He became the first of Cody Wright’s four sons to win a world championship, carrying on a family legacy in 2017. He added a second Montana Silversmiths gold buckle in 2020. In his years of competing at ProRodeo’s grand finale, Ryder Wright has been joined by older brother, Rusty, and younger brother, Stetson, a five-time world champion.

Last year, he finished the season second in the world standings, just $1,200 behind Stetson. In his immediate family, the Wrights have five saddle bronc riding world titles with his two, Cody’s two and Stetson’s one. Throw in rodeo gold earned by uncles Spencer and Jesse, and it’s no wonder the family has a grand legacy.


Miami, Texas

In his inaugural trip to the National Finals Rodeo, some rodeo naysayers suggested Wyatt Casper only earned his qualification because money earned at The American counted toward the world standings.

Sure, that helped, but he would have still been among the top five without that $50,000 bonus. In the two years since, the 26-year-old has proven he deserves his place among the best. He earned his third straight qualification by finishing 11th in the world standings. He earned $123,802 in a campaign that saw him miss much of the last three months because of a hamstring injury.

If he can do that well while hampered, imagine what he might be able to do once that leg is ready to go.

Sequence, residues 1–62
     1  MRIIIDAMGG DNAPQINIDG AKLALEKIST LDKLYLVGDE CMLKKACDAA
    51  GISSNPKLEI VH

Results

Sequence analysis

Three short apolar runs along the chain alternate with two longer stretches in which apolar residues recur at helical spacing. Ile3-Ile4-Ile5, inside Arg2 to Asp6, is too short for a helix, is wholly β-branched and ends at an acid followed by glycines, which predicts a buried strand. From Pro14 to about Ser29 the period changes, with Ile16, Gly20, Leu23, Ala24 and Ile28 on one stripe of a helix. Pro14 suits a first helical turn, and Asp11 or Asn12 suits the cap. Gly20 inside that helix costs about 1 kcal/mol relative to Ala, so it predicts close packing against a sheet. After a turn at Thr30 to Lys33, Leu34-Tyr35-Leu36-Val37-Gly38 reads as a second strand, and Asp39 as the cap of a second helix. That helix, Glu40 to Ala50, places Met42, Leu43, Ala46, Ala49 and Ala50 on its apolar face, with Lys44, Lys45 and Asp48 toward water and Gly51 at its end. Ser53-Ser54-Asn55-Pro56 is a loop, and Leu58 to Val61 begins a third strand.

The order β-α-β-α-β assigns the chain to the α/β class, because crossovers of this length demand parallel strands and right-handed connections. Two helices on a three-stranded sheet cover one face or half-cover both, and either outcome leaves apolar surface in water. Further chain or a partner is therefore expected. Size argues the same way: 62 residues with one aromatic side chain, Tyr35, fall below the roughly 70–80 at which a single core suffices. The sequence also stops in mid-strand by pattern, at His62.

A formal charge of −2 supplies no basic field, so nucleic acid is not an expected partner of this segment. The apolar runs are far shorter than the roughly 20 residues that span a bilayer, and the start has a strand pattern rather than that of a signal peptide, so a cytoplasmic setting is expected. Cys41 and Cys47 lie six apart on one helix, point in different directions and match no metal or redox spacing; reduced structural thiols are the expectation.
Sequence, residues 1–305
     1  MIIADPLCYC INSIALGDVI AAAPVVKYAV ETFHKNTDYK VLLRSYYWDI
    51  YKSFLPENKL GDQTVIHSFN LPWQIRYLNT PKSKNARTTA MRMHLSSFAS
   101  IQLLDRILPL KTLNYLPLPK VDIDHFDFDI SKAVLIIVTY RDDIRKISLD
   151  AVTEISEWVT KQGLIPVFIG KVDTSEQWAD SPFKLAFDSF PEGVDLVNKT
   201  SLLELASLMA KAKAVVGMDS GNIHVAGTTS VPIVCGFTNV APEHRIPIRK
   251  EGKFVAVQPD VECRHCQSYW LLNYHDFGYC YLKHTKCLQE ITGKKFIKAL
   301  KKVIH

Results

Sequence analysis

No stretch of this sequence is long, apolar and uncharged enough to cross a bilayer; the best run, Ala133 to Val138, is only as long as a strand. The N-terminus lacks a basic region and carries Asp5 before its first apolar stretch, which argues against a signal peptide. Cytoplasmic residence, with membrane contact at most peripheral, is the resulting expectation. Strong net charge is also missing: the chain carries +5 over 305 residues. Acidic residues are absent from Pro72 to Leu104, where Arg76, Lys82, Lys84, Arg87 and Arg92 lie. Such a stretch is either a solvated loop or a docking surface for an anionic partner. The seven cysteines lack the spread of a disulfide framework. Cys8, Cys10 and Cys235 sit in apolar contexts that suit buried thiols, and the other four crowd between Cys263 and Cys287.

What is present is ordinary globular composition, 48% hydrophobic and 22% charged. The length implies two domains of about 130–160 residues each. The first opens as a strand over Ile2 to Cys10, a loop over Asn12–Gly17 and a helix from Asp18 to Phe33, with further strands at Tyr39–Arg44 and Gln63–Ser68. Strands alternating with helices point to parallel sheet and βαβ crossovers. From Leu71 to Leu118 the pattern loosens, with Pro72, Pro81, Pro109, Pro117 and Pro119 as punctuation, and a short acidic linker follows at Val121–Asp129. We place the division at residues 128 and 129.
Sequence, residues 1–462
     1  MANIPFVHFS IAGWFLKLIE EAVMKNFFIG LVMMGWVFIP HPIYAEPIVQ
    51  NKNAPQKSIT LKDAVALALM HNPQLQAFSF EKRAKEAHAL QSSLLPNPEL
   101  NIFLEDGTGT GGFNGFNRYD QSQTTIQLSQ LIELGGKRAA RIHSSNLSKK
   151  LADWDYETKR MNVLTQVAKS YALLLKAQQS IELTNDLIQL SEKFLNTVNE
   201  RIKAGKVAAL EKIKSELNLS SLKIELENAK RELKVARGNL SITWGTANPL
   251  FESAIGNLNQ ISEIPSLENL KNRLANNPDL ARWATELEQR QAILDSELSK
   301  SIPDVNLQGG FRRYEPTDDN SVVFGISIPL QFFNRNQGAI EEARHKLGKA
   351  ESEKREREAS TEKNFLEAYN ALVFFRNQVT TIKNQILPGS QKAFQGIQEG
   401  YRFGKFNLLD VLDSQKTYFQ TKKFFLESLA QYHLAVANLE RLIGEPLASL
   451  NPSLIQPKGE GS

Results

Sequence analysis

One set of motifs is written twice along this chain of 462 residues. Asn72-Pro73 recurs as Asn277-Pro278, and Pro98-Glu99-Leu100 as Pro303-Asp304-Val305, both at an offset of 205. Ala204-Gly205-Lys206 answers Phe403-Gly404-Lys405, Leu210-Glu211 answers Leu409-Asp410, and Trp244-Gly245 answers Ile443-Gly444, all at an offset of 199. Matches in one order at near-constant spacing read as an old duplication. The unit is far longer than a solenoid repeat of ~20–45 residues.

“With one negative, there’s a positive, and that was being able to come home and hang with the wife and kids and doing stuff I don’t normally get to do,” Casper said of his wife, Lesley, and their children, Cooper and Cheyenne. “I don’t know what they’re going to do when I’m out rodeoing again.”


Deer Lodge, Montana

Chase Brooks knows just what it means to be successful in Las Vegas.

Last year, he kicked off the 10-round affair by sharing the first go-round victory, then went on to place five more nights. He finished second in the National Finals Rodeo average race and returned to his Montana home with just shy of $162,000 in Nevada earnings. He finished fourth in the 2021 world standings.

This is his fifth straight trip to the NFR. Brooks finished the regular season 13th on the money list with $113,992, helped by key wins in Weatherford, Texas, and two events in Tremonton, Utah, along with other titles and brilliant finishes throughout the season.

When he arrives in Las Vegas, he’ll have a new fan in tow: His daughter, Charli Jo, was born in June, so a 6-month-old will be the perfect person to greet Daddy every night, no matter what happens inside the Thomas & Mack Center.


Wildwood, Alberta

A dozen years ago, Rod Hay went to the National Finals Rodeo for the final time in his storied career and finished the campaign with about $130,000 in earnings.

His middle son, Dawson, gathered $100,000 in one day when he won The American this past March. That didn’t count toward the world standings, but it definitely helped pave the way to Dawson Hay’s third NFR qualification. He finished the regular season 14th on the money list with $111,718.

“If there were rodeos like this in his time frame, he would have probably got it,” Dawson Hay said of his dad. “It’s amazing that we get to ride for this kind of money. Rodeo as a sport has been growing and growing and growing.”

Now, he hopes to grab his share of the $1.4 million purse that’s available over the 10 nights of this year’s championship.